British Library needs your help deciphering inscription on 800-year-old sword
It's from the time of Magna Carta—around 800 years ago when inscribed swords were trendy in Medieval Europe.
And now the British Library needs your help sorting it out.
The double-edged sword was found in the River Witham in July, 1825. From there it eventually made its way to the British Museum.
On loan to the British Library, the sword could have easily chopped a man's head in half. But that's not quite where the public comes in.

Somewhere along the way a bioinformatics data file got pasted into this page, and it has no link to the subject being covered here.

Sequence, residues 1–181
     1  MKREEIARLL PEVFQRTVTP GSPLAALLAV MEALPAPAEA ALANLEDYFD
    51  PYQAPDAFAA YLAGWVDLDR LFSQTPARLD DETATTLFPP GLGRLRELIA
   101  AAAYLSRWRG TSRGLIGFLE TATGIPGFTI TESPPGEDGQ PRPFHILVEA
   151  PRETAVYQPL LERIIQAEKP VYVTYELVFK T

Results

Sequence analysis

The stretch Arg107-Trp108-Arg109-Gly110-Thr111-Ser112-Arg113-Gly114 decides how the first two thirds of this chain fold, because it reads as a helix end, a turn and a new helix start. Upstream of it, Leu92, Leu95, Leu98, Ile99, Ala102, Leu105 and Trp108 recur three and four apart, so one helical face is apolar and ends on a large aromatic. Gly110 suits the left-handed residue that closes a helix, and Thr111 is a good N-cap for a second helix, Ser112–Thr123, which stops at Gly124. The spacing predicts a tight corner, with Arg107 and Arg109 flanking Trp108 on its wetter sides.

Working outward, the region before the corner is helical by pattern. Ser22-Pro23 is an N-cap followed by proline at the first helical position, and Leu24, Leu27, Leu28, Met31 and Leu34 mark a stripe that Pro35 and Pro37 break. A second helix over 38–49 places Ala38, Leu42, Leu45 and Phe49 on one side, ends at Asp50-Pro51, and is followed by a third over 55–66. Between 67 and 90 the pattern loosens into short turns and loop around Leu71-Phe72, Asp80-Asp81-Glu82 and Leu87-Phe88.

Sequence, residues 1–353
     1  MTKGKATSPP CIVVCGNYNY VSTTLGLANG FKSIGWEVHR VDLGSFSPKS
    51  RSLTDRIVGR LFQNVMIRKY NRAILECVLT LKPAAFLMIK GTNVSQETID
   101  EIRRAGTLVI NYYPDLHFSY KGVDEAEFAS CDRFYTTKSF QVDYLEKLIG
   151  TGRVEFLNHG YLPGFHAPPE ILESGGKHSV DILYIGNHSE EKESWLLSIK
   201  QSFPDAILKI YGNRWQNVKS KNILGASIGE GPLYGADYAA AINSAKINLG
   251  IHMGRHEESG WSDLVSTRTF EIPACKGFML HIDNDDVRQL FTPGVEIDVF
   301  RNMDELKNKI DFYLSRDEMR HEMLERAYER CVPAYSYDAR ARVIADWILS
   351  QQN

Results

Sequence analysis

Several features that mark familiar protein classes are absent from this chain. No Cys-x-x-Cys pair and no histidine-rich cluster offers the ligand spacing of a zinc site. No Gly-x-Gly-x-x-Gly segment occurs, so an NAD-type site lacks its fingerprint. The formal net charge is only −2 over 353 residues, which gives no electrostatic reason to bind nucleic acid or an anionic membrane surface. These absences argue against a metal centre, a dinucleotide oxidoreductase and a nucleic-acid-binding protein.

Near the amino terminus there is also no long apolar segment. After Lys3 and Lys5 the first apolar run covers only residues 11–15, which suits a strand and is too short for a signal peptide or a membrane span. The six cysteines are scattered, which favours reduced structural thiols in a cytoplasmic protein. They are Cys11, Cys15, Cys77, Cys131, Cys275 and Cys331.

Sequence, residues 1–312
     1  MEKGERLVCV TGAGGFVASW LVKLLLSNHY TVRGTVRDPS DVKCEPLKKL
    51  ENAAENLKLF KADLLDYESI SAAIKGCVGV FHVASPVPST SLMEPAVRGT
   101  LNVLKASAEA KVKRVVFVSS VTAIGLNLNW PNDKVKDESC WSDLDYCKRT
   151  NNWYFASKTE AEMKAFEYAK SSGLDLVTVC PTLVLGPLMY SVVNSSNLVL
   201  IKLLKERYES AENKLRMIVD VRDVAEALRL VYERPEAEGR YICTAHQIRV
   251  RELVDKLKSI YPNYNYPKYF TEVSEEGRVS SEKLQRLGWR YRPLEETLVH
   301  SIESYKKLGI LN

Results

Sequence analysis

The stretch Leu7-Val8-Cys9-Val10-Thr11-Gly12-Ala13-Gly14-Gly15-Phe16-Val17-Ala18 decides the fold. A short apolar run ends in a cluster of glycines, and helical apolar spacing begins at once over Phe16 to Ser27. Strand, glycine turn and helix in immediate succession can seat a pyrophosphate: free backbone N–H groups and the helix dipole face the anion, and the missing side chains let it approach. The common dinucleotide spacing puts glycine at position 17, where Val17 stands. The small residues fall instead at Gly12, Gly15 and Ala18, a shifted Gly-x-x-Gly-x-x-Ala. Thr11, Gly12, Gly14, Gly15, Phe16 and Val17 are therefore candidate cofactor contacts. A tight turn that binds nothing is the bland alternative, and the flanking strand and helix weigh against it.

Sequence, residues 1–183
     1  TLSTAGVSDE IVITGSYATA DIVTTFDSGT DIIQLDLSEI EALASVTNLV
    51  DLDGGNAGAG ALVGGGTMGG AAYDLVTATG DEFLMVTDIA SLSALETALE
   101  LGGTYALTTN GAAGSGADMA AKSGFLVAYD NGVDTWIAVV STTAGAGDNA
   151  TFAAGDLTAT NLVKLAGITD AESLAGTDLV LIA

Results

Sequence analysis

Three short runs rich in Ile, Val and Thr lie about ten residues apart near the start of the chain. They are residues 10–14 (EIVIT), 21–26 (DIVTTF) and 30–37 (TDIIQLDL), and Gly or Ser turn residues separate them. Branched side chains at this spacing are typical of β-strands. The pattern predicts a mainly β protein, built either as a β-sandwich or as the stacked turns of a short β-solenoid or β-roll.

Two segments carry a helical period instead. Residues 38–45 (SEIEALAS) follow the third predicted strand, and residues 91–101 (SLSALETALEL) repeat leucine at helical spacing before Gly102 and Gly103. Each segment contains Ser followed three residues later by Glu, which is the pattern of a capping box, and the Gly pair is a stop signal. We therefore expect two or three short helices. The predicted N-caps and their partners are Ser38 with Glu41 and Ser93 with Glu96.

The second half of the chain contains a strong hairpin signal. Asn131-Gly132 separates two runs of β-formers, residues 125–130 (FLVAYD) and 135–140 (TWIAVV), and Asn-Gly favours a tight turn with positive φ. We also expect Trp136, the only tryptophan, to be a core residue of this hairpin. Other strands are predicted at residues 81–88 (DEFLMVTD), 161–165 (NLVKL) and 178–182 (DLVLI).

The Library, via blog post, is requesting help with deciphering an inscription inlaid in gold wire on one side of the sword.
The inscription reads: NDXOXCHWDRGHDXORVI
The sword is presently being displayed next to an illuminated manuscript showing French knights invading Normandy in 1203. The attackers appear to be holding swords similar to the one on display.
Professor Marc van Hasselt of Utrecht University provided additional historical context. He noted the sword's inscription appears similar in both content and style to others discovered across the European continent—suggesting the work of a single craftsman.
But that still doesn't account for what the inscription means.
What do you think it says?